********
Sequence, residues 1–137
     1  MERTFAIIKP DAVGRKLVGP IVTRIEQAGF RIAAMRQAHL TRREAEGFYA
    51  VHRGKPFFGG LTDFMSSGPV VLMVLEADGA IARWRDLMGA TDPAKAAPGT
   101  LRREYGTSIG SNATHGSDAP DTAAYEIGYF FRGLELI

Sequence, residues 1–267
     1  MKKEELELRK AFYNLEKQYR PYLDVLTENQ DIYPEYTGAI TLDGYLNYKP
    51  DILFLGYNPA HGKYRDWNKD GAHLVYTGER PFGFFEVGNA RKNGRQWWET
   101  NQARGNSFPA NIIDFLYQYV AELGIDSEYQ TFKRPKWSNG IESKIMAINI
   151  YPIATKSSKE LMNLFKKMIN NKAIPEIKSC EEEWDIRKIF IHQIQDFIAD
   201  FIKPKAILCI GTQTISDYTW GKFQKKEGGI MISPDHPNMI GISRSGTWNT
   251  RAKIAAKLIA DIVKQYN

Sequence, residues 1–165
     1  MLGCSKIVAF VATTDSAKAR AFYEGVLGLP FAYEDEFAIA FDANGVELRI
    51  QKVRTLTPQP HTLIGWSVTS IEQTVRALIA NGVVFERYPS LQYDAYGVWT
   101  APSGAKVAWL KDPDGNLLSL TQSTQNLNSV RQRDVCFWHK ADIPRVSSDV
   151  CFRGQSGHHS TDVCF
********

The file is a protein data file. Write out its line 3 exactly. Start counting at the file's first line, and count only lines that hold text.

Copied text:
    51  VHRGKPFFGG LTDFMSSGPV VLMVLEADGA IARWRDLMGA TDPAKAAPGT